As we near the end of 2012, the focus of the political world likely will be on the massive income and business tax increases scheduled to go into effect after midnight Dec. 31. Pundits and talking heads will be debating whether the current tax rates should be extended for small businesses and high-income Americans and what effect allowing those tax cuts to expire would have on the economy and job growth.
These are very important questions. But for some families -- sitting around the kitchen table or, heaven forbid, around a hospital bed -- there is another issue that is even more important but unfortunately is not getting the coverage it deserves.
That issue is the massive increase and expansion of the death tax that is scheduled to go into effect along with the other tax increases in 2013. When that happens, upon a person's death, the federal government will come in and take more than half of all the person's assets, denying his ability to pass them down to his children.
The issue here is not the right of an individual to receive inheritance from his parents. Rather, it is about the right of individuals to pass along a lifetime's worth of hard work and savings to their loved ones. This is the dream and the goal of millions who have come to this country over the centuries -- to leave a better life for their kids and grandkids. In that sense, the death tax literally is a tax on the American dream.
If Congress cannot come to an agreement on the death tax before the New Year, it and our next president should make it clear that we will eliminate the death tax retroactively to Jan 1. Death tax forms do not need to be filed with the Internal Revenue Service (IRS) until nine months after a person's death. Furthermore, in the 1994 case of United States v. Carlton, the Supreme Court unanimously upheld the constitutionality of retroactive death-tax laws.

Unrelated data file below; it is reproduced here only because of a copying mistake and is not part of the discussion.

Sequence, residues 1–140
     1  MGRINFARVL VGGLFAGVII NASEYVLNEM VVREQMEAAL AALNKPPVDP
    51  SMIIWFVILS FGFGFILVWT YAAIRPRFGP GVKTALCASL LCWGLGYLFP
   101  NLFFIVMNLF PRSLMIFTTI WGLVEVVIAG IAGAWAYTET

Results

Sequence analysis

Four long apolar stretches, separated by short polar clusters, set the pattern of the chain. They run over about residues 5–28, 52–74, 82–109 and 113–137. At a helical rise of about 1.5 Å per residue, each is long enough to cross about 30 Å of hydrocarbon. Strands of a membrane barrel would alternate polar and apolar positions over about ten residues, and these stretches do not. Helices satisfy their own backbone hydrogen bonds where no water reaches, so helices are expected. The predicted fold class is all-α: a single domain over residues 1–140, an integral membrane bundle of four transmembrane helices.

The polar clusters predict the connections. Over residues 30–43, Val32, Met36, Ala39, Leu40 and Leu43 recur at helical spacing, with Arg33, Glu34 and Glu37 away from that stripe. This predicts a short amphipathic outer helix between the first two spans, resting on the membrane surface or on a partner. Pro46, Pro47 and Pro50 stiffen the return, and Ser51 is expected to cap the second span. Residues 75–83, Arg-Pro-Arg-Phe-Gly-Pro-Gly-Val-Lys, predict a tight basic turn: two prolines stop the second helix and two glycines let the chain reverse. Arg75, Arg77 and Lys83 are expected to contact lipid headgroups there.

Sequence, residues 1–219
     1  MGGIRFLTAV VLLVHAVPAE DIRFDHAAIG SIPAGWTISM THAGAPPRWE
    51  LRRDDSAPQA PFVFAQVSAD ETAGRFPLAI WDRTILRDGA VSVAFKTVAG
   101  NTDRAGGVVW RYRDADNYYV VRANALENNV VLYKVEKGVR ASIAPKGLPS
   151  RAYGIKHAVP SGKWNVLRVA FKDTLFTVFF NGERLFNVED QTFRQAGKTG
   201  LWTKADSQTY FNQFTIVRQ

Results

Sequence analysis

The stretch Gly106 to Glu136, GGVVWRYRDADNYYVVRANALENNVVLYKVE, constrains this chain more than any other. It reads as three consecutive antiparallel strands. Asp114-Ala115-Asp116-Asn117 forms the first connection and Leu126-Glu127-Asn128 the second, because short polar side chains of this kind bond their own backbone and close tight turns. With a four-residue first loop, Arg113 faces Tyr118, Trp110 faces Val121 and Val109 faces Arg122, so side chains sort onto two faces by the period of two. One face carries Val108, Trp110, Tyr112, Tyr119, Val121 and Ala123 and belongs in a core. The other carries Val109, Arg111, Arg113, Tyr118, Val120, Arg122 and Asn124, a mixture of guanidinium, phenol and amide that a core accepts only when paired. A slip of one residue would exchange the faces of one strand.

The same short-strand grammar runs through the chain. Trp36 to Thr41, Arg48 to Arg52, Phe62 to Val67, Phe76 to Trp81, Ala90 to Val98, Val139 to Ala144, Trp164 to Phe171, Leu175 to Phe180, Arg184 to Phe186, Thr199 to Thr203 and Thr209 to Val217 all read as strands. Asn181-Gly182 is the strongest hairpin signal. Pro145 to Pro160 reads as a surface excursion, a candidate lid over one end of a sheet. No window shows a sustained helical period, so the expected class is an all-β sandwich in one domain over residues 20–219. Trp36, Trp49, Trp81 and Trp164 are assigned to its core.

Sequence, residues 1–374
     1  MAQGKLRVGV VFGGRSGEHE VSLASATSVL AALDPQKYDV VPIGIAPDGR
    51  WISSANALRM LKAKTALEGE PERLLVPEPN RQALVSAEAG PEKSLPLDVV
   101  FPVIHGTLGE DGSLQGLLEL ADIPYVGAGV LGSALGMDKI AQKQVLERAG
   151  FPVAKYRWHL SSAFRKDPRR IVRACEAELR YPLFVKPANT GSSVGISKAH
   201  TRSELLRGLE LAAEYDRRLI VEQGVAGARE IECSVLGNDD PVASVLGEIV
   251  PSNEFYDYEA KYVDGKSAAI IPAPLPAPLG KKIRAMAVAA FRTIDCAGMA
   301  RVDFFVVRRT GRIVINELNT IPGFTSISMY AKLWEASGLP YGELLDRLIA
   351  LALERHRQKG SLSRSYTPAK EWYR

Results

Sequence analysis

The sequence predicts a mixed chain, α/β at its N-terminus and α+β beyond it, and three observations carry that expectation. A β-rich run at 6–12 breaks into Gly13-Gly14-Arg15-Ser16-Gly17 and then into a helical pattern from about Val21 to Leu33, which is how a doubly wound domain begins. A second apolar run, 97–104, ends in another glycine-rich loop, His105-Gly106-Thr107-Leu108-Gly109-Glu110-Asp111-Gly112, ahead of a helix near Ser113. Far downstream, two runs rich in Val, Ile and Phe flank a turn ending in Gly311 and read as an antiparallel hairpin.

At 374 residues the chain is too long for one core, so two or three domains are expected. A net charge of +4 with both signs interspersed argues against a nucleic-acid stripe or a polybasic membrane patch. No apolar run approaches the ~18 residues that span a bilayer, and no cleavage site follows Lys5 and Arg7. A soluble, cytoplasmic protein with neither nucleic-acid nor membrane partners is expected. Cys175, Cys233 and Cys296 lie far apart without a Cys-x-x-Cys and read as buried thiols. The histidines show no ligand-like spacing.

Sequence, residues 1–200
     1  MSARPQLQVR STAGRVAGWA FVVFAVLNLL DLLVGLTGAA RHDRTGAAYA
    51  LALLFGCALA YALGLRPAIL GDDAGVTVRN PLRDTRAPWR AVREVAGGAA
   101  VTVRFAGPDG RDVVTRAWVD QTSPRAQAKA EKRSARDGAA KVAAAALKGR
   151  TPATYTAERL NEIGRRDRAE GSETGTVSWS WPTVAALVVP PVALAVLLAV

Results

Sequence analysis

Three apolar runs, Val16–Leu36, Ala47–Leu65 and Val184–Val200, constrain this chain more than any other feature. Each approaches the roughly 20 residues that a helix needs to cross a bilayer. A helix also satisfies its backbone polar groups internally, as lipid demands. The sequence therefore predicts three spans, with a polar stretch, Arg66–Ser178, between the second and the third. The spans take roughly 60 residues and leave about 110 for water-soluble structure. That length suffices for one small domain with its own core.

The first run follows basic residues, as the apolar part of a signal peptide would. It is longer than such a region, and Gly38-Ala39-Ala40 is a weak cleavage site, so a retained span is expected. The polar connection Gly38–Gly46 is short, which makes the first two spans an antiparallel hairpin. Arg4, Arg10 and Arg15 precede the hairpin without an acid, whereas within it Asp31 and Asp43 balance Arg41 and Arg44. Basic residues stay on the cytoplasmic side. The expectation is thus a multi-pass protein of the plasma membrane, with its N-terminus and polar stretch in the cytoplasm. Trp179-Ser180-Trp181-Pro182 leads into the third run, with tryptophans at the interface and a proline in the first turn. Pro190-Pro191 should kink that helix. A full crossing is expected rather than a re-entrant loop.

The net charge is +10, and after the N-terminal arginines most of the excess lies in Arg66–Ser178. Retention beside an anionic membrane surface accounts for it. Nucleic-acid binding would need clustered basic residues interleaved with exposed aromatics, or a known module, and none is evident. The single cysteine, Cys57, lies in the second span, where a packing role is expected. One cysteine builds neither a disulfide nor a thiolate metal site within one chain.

The death tax is a disgrace when it is permanent and stable. But when set to increase as the clock strikes midnight in the middle of the holiday season, it is diabolical. No family with a terminally ill loved one should have to calculate the tax implications of placing a loved one on life support or disconnecting that loved one from it, especially to preserve his or her life's work, whether it be savings, business or the family farm.
It is not just about money. When the estate tax causes the family business to break up, a large amount of social capital breaks up with it.
I started my construction company in 1975. Success came slowly, and I learned a lot of lessons along the way. Averaged across the ups and downs, the business grew. When I was ready and my oldest son was ready, I sold the business to him under terms he and I negotiated. Many family businesses follow similar patterns, but an untimely death too often results in an IRS claim on more than half the assets. If the IRS had confiscated more than half the assets of King Construction, my son would not have had the opportunity to build on his father's life's work.
Gone with the physical capital of business would be the knowledge, the human capital, the tricks and tools of the trade -- all the things King Construction had gained throughout the years would be lost forever. The result would be a huge loss of efficiency and, multiplied thousands of times throughout the country and throughout the economy, a major blow to American competitiveness. Businesses, especially family businesses, build intergenerational knowledge. Do we really want American businesses to have to start over with every generation?
These effects are true in the construction industry and in every other industry, but they may be most true in the most traditional of family businesses, the family farm. The death tax hits the farm economy especially hard, as so much of farmers' assets are tied up in their land. With farm values increasing in Iowa and throughout the Midwest while crops struggle under record drought conditions, now is the worst time for farmers to see a death-tax increase looming over the horizon.
As things turned out, my son owns and operates the business his father started more than 37 years ago. He's building on the lessons learned growing up in the family business and learning additional lessons along the way -- lessons I hope he will pass on to my grandchildren and they to his -- the very definition of the American dream. Any tax on that dream should be killed.